Question Asus ROG laptop overheating and repaste

Apr 4, 2020
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Hi, after about 6 months of usage for my asus rog zephyrus m15(GU502LW), my temps have been getting quite hot. Under load, my cpu is around 90c to 93c and GPU is about 83c - 86c under load. Thats quite hot for my laptop right? On the site it says it uses liquid metal for cpu cooling and I'm thinking of replacing both. My question is: Should I repaste with LM for CPU and regular for GPU? Also, what kinds should I use?

I've been building desktop pc's for over 15 years, but I've never even messed around with replacing paste on laptops until now. Any help would be appreciated. Thanks!
 

Phaaze88

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No, those results are actually common for gaming laptops.

[looking at the product page] Oh wow, they really did use liquid metal in there.
That doesn't help much, since the problem with gaming laptops is the total package: cpu + gpu + cooler + laptop's shell.

I guess you've got a little too much power under the hood and the shell is probably trapping heat.
I suggest raising the back end to improve ventilation from below - get a cooling pad, or DIY something, just get the bottom vents more breathing room.
 
Apr 4, 2020
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I have a cooling pad already, a thermaltake massive rgb, https://www.amazon.com/Thermaltake-Massive-Notebook-Cooling-CL-N014-PL20SW/dp/B077974X66/ref=sr_1_1?dchild=1&keywords=thermaltake+massive+20+rgb&qid=1614911752&sr=8-1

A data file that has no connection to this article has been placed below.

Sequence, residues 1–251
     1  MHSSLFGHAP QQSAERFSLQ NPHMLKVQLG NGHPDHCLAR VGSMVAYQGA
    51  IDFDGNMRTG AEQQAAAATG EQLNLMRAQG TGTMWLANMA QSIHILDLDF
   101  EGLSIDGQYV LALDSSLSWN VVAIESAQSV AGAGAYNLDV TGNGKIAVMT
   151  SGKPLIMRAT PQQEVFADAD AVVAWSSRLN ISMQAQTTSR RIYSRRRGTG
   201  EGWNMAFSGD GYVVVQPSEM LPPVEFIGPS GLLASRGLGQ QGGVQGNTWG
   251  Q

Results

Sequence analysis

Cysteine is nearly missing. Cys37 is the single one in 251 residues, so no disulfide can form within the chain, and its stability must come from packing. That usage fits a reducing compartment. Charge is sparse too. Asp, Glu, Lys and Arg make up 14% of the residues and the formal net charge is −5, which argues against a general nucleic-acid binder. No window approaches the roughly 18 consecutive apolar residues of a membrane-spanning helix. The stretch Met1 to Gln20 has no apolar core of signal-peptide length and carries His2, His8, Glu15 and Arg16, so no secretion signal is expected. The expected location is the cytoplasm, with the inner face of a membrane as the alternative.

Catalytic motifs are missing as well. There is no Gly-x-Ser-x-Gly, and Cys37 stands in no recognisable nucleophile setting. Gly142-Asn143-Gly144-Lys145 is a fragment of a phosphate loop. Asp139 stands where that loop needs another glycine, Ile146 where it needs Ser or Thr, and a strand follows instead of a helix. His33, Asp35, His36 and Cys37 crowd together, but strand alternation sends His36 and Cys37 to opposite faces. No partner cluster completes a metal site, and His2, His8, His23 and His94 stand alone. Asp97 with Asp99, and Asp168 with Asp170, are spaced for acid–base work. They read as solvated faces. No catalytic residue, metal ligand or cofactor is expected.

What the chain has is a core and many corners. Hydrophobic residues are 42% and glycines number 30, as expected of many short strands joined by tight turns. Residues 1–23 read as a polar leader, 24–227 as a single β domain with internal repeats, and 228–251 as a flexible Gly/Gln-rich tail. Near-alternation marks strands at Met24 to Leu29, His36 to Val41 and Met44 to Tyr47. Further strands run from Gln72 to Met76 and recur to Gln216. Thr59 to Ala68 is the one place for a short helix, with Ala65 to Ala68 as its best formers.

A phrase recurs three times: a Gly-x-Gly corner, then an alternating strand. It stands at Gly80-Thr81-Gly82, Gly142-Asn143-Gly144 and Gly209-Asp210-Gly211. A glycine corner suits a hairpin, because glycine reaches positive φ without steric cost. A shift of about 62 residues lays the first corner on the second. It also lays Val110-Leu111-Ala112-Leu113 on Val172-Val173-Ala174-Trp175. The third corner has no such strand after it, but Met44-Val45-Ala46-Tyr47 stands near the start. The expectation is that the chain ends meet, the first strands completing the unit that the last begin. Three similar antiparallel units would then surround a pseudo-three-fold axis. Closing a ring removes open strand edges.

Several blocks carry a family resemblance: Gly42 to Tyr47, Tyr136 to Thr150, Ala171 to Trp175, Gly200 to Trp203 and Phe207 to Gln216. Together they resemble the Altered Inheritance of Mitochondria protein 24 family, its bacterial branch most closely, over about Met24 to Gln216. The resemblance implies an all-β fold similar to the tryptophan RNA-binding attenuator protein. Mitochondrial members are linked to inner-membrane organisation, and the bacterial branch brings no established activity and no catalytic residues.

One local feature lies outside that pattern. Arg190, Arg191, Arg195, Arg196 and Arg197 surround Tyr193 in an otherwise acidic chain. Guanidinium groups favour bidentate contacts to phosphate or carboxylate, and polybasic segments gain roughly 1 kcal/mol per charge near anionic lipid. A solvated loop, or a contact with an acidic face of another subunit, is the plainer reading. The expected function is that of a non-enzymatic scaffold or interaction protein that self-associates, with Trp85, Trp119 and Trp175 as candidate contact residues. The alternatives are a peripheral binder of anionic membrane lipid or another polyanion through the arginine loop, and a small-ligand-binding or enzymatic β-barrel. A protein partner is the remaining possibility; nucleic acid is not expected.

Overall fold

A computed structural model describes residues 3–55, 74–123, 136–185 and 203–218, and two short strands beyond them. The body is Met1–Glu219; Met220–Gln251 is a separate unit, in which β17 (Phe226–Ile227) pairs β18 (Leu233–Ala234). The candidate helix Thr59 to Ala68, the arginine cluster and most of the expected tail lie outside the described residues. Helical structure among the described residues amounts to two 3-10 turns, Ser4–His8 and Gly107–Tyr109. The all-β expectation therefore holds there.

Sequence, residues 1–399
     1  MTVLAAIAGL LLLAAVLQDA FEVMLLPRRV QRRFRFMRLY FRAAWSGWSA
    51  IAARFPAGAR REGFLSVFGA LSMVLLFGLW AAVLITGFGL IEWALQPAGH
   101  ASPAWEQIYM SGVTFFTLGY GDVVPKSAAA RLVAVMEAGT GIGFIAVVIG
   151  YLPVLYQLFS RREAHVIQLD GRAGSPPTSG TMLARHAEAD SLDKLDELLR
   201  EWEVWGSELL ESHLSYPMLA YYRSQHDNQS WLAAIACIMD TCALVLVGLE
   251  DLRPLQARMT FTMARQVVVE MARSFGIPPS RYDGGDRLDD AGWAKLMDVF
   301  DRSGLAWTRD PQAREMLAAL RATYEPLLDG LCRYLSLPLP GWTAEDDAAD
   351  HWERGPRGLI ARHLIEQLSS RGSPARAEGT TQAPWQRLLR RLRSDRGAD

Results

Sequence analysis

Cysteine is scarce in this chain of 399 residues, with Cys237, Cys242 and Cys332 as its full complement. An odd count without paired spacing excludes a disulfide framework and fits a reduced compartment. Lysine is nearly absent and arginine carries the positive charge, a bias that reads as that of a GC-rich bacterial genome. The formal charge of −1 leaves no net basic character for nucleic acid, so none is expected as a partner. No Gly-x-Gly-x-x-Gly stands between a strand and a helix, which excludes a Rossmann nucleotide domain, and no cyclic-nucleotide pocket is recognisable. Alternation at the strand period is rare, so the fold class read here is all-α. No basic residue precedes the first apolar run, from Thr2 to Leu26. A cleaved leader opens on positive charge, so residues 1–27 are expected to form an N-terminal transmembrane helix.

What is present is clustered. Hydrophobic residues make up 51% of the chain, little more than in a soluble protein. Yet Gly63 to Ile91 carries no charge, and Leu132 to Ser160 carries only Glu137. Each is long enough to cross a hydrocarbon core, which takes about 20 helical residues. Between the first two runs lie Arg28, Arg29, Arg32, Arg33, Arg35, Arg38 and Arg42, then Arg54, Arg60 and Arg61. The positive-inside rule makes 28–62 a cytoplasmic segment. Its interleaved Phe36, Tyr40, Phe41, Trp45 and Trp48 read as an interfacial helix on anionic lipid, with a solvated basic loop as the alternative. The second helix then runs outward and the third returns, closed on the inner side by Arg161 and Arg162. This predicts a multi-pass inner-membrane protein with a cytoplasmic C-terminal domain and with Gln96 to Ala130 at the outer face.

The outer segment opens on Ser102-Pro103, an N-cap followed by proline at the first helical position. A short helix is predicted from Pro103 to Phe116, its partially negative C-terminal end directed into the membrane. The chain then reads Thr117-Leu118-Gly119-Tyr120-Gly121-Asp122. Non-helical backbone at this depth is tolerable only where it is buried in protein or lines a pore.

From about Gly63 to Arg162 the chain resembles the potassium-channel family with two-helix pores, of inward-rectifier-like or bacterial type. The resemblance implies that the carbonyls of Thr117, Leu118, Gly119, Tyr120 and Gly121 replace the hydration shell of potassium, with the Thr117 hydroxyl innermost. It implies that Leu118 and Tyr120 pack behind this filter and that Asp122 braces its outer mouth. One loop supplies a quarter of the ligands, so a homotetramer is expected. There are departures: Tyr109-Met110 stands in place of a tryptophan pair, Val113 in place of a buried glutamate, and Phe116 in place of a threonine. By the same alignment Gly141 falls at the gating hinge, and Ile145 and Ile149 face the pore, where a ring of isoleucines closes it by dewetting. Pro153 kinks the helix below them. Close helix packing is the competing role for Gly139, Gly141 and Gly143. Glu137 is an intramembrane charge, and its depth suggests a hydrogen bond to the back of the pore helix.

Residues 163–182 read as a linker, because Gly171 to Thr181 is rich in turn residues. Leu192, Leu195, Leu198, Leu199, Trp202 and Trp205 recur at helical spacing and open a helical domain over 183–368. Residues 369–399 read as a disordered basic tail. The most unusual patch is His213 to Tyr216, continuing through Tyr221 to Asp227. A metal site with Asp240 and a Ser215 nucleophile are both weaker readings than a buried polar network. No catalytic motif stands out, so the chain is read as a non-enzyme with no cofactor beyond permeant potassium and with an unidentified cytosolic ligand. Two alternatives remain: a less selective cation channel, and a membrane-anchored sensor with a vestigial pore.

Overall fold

but i would like to have my temps lower. especially since im starting to mine with it. ive read in forums that they usually do a poor job with the LM application, and others have replaced it and gotten around -10c afterwards. I heard LM needs consistent repastes to become effective, is that true?
 

Phaaze88

Polypheme
Ambassador
I heard LM needs consistent repastes to become effective, is that true?
No, it's not. If it's applied correctly the first time, it will not need multiple applications.

'Not too dry, and not too wet', when using liquid metal.
By too dry, I mean spreading it real thin - that there's no 'pools' present on the die.
By too wet, I mean applying so much that it 'rolls' across the die with ease, over the substrate... and if it comes into contact with anything, that's RIP laptop.
It needs to be a little 'wet'.
 

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